To find experiments for MEL’s subscription service, Philippov and his colleagues Ekaterina Messorosh and Sergey Safonov, both chemists, combed through dozens of books looking for interesting reactions. “There are many experiments that are educationally useful but honestly boring,” Philippov argues. “They may be good experiments for schools, and when we do a product for schools, we’ll include them. For something you do on weekends for fun, there are higher requirements to make it cool.”
That’s because other activities and devices vie for kids’ attention, such as computers, smartphones, and game consoles. “If we want to win against Xbox, we have to be really cool,” Philippov says.
But the company is constrained in what experiments it can include by a European Union law that regulates the contents of chemistry sets. “There’s a list of specific chemicals and maximum concentrations and amounts that you’re allowed to put in a chemistry set. Everything else is forbidden,” Philippov says. Moreover, MEL can’t even recommend the use of chemicals not included on the official list. That means that vinegar, which Philippov suspects was inadvertently left off the list, is out. “It was kind of challenging for us to find nice experiments.”
Of those that MEL did find, Philippov’s favorite is one in which tin dendrites grow from a tin chloride solution. In that experiment, two electrodes connected to a petri dish containing the tin chloride solution are also connected to a battery. Almost immediately, ribbons of tin start to form at one electrode and grow through the solution.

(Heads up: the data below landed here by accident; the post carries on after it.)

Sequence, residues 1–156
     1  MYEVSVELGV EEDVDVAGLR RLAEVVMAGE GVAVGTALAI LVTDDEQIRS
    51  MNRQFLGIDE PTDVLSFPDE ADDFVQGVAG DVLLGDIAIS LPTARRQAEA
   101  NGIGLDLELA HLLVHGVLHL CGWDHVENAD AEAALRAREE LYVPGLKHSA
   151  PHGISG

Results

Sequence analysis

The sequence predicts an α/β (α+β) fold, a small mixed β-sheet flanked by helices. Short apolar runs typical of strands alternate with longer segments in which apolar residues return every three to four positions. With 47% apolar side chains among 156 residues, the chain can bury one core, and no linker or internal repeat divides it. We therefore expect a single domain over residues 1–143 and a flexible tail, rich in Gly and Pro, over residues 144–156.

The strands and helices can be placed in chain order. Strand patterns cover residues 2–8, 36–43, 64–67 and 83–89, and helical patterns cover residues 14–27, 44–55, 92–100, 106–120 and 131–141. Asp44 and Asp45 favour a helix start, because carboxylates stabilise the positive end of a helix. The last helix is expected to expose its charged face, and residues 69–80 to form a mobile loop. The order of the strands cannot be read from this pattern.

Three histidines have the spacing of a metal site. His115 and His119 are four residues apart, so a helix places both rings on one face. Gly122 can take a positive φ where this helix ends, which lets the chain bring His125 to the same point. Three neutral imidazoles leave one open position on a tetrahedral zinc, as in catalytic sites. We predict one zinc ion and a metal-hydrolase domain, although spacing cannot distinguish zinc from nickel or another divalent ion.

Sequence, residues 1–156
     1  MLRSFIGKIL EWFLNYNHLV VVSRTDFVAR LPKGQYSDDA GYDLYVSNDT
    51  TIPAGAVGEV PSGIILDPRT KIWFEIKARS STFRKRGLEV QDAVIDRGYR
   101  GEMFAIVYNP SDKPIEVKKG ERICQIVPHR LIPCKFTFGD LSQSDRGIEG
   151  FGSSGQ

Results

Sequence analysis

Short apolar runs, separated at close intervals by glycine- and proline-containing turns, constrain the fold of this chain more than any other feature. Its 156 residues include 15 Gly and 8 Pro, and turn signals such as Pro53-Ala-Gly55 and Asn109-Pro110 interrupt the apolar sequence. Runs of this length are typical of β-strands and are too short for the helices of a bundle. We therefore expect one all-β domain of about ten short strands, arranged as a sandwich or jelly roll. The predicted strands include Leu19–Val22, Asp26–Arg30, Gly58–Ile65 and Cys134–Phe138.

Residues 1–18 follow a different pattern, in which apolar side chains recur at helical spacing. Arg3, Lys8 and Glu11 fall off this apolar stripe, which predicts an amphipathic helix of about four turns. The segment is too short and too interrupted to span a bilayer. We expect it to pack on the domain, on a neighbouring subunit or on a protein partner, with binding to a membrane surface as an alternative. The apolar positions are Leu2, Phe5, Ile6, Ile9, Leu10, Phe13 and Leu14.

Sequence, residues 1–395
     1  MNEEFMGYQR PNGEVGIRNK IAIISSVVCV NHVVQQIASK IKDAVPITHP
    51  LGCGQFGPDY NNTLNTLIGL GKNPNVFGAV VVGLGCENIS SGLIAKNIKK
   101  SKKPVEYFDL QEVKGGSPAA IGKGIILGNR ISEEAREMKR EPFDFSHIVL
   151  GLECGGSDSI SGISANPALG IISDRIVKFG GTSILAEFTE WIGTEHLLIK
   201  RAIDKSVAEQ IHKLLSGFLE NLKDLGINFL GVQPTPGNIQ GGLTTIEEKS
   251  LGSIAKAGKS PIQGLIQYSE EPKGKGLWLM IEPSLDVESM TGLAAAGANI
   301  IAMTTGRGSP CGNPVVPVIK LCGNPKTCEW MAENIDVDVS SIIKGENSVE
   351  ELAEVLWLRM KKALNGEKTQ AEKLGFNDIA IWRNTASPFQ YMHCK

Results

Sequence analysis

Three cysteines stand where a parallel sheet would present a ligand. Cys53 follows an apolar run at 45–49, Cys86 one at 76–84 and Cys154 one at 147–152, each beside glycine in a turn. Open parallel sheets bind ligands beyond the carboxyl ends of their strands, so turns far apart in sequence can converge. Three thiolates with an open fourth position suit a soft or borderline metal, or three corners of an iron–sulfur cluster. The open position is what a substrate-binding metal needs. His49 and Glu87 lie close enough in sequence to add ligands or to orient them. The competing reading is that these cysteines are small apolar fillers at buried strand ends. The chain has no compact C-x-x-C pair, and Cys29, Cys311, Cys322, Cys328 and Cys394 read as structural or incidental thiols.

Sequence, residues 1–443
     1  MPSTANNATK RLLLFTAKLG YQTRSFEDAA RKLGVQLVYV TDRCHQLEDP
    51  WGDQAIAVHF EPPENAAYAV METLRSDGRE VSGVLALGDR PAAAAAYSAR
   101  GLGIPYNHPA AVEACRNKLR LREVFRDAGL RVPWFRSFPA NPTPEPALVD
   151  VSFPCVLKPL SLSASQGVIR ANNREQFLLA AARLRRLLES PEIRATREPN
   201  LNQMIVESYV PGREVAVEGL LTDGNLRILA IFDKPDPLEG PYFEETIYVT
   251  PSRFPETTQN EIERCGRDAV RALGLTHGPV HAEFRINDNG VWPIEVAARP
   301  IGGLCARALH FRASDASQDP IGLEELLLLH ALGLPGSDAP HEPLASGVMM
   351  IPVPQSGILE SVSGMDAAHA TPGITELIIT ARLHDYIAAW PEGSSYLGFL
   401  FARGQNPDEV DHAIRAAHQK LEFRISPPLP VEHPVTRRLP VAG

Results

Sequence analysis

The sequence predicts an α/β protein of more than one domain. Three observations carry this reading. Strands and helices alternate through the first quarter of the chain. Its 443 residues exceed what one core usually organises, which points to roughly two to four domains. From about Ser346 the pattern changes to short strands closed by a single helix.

The experiments are designed to be independent of one another and can be done in any order. That means that it doesn’t matter when somebody starts a subscription. After a year, subscribers will have received all the experiments, no matter when they started.
“We write each description from the point of view that it could be the first description of any experiment in a subscriber’s life,” Philippov says. “We want them to be easy to understand.”
The EU’s tight regulations on chemistry set contents meant that Philippov’s team found lots of intriguing experiments they couldn’t include in their kits. The company has set up an online database called Practicum to collect those “forbidden” experiments and demonstrations in one place. For each experiment, there are multiple videos, step-by-step instructions, safety information, and scientific explanations.
For now, the company offers only kits and sets for home use, but plans are in the works to develop classroom sets as well.
“All my friends who are chemistry teachers have the same story,” Philippov says. “When you’re in the classroom and have a lab, the only thing you care about is how to control everything so everyone is safe. You don’t have time to think about the science around the experiment.” That means that doing the experiment and talking about what was learned often happens on different days. “You should do something and right here, right now, understand what’s happening.” Doing that requires simple experiments that take only half a class period, leaving the other half for follow-up discussion.
But whether it’s at school or at home, Philippov and his company are most concerned about finding better ways to teach science. “Our mission,” Philippov says, “is to find better ways to transfer knowledge.”